The water was choppy and colder than I was used to, but on this triple-digit day there was no debate.
“It’s too hot”
“Right!?” He was faced-down on his towel, but the beads of sweat on his back agreed.
“I’m going in.”
I stood up, brushed the sand from my palms and pranced my completely naked, out-of-shape ass in front of everyone on the nude beach and walked.
As my body floated with the current, my belly and me had a moment. I laced my fingertips across my navel and exhaled with determination to get back into stripper shape. Fine – as close to stripper shape as a middle-aged broad can get.
“You just have to get all the way in, then it’s awesome!” I was thirteen again, bragging about how I had the balls to brave the cold (it only took the afternoon to submerge myself completely).
Once I was swimming, my eyes surveyed the people along the shore. It didn’t matter that my body wasn’t perfect. That a crowd of strangers saw my cellulite and buddha belly in motion. I was comfortable in my skin. I wasn’t happy with my body at the moment – but holy fuck – I was happy.
A swell lifted my body – and the water mirrored my breath – sighing with me in the realization of just how far I’ve come.
If you told me twenty-one years ago I’d be on a nude beach as an out of shape grown woman, or that I would spend my time on dry land tapping away, slicing a vein with every stroke of these keys, I would’ve snorted vodka out of my cocaine-encrusted nose in laughter.
I’ll never make it to forty.
I’m forty-five. The irony that I spent my 20s hiding behind my stage name and day-glow lingerie, and now, half way through my 40s revealing my deepest truths is not lost on me.
Two decades and one year ago this month, I was home; grabbing my skillfully balanced ankles in six-inch stilettos (we’re talking pre-clear heels, fellas) asking for a dollar with my smokey eyes and Chaka Khan hair. I sang in tune with Michael Hutchence, Eddie Vedder, Trent Reznor, Robert Smith and the like through the vibrating stage speakers hovering above the Plexiglass. The audience was mine.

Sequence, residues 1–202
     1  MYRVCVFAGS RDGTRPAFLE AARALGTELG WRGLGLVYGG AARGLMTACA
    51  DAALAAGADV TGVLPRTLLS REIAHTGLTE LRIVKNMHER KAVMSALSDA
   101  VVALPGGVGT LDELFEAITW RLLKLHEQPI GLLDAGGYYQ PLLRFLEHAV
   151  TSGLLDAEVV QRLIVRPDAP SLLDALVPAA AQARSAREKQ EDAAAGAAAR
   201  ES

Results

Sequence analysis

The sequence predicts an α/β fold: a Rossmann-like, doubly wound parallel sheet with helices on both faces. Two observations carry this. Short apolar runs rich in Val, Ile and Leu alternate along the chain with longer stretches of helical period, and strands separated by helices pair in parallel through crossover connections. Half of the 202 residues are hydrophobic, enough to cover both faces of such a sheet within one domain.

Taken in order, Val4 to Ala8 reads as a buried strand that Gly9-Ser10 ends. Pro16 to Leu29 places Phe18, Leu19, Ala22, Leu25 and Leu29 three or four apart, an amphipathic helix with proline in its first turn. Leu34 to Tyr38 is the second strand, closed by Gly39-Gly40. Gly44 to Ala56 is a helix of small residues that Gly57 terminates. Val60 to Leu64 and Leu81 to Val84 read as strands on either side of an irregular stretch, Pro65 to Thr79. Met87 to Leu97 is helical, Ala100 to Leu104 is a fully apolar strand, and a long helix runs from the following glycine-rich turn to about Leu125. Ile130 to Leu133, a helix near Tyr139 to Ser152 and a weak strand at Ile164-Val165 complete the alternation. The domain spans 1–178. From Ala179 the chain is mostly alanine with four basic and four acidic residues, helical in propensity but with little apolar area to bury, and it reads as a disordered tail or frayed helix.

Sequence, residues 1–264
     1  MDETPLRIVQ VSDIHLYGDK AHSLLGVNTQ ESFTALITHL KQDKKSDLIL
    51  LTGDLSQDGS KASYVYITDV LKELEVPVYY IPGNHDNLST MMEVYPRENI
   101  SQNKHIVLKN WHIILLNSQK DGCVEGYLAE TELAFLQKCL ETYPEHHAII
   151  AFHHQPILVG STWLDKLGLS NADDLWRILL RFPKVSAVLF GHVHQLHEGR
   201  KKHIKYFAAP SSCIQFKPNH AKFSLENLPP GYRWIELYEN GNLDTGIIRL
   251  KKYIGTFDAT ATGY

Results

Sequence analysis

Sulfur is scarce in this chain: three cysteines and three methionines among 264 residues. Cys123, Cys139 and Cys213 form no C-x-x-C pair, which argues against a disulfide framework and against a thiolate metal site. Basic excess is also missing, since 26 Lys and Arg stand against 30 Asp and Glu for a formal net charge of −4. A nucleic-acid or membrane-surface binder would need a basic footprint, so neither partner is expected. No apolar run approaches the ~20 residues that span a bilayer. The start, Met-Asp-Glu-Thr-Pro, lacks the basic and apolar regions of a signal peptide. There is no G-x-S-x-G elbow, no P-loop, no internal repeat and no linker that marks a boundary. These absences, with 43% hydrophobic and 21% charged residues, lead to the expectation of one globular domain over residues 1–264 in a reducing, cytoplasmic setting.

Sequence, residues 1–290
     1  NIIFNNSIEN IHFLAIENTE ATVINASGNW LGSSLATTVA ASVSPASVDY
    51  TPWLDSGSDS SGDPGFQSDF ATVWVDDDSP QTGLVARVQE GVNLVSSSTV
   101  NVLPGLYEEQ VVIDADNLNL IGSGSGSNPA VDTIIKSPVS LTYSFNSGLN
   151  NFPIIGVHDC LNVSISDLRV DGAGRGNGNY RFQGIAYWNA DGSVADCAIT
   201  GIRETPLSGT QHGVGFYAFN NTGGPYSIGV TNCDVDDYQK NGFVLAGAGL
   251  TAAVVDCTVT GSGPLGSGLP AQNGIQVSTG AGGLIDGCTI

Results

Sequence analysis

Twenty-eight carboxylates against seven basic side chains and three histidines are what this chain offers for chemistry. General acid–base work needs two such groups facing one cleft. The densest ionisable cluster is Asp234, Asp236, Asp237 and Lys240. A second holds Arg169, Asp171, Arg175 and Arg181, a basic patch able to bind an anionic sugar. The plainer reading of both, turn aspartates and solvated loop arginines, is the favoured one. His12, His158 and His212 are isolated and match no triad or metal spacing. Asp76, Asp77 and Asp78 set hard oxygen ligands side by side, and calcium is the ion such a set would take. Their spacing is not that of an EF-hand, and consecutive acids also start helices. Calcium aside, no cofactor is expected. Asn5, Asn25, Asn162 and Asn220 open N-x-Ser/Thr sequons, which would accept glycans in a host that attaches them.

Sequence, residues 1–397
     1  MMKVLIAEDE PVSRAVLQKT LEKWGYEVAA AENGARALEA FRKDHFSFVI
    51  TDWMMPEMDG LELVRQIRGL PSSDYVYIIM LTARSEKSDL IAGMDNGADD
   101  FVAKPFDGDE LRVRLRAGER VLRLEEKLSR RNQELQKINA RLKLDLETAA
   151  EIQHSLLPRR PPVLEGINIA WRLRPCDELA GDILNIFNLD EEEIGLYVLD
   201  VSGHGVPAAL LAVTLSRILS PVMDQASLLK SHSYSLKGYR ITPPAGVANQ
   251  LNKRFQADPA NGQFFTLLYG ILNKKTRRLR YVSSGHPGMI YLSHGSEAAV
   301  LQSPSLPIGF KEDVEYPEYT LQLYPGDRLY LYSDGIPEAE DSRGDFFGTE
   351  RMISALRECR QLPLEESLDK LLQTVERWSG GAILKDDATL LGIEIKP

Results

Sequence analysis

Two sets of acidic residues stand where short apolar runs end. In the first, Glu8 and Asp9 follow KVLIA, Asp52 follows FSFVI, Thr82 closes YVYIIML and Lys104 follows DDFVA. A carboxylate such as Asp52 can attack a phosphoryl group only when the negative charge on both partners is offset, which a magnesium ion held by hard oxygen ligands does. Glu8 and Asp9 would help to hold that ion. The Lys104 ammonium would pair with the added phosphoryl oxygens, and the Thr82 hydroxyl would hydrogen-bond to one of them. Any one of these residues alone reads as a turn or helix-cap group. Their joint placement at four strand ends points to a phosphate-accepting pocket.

Twenty-one years ago, I laughed at people who said, ‘and the like’.”
The most annoying thing about being young is hearing unsolicited advice. What blows? Getting older and realizing they were right.
The good news here is that as we age, our overall perception changes to accommodate the awareness-evolution of just who the hell we are. What we once considered beautiful may be on the bottom of our score card now (if we’re even keeping a tally anymore). Or maybe we’re too old to care. At some point, the comparisons and self-judgments become exhausting.
When I was on stage, channeling my inner Bob Fosse, I felt beautiful. Hidden under the spotlight. Living a dream that my skin was flawless and I wasn’t the Freddy Kruger-faced girl I was called in school. But each night I pulled the thick mane of over-sprayed hair from my face and witnessed the watercolors from my mask spinning down the drain, I’d level back into reality. I have scars.
Scars are ugly. I’m ugly.
Flipping channels the other night, I paused on Jane Fonda. She was talking about how long it took her to realize her worth and beauty.
I hear that, sister.
Before I realized the tears were falling, her words resonated: “We’re not meant to be perfect. We’re meant to be whole.”
Twenty-one years ago, I wouldn’t have understood. Now, I do.
Whole is flawed – loving yourself anyway. Whole is not giving a fuck – what anyone thinks. It’s releasing your worst critic – yourself – from shit that brings you down. After countless surgeries on my skin – whole is looking in the mirror and wrapping my arms around my scars, instead of pretending they don’t exist.
It’s hilarious that we only start to feel comfortable in our own skin until it starts going to shit. When we’re young and got it goin on, we still waste exorbitant amounts of energy worrying, comparing, complaining about how we don’t measure up. Always reaching, never marinating.
Even in our 20s, there’s a part of us we sell short. We kind of know better, yet something about our youth provides license to play the victim card and we roll with it. If you’re lucky – nobody lets you get away with feeling sorry for yourself in your 40s.
Twenty-one years ago, I danced on stage, my cellulite-free, coca buttered ass spinning on the pole to one of my favorite songs. Now, when I hear Beautiful Girl (INXS), I’m instantly transported. Only I’m no longer just beautiful in the shadows of the stage. I’m beautifully flawed; no make-up on a hot spring day, standing naked on a beach.